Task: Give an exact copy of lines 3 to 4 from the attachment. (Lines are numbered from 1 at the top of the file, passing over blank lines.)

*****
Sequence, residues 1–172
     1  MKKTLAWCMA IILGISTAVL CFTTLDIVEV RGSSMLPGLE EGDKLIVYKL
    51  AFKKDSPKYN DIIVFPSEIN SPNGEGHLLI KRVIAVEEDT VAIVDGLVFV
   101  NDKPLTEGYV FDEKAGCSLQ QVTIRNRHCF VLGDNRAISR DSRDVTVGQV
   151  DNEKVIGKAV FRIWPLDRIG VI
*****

    51  AFKKDSPKYN DIIVFPSEIN SPNGEGHLLI KRVIAVEEDT VAIVDGLVFV
   101  NDKPLTEGYV FDEKAGCSLQ QVTIRNRHCF VLGDNRAISR DSRDVTVGQV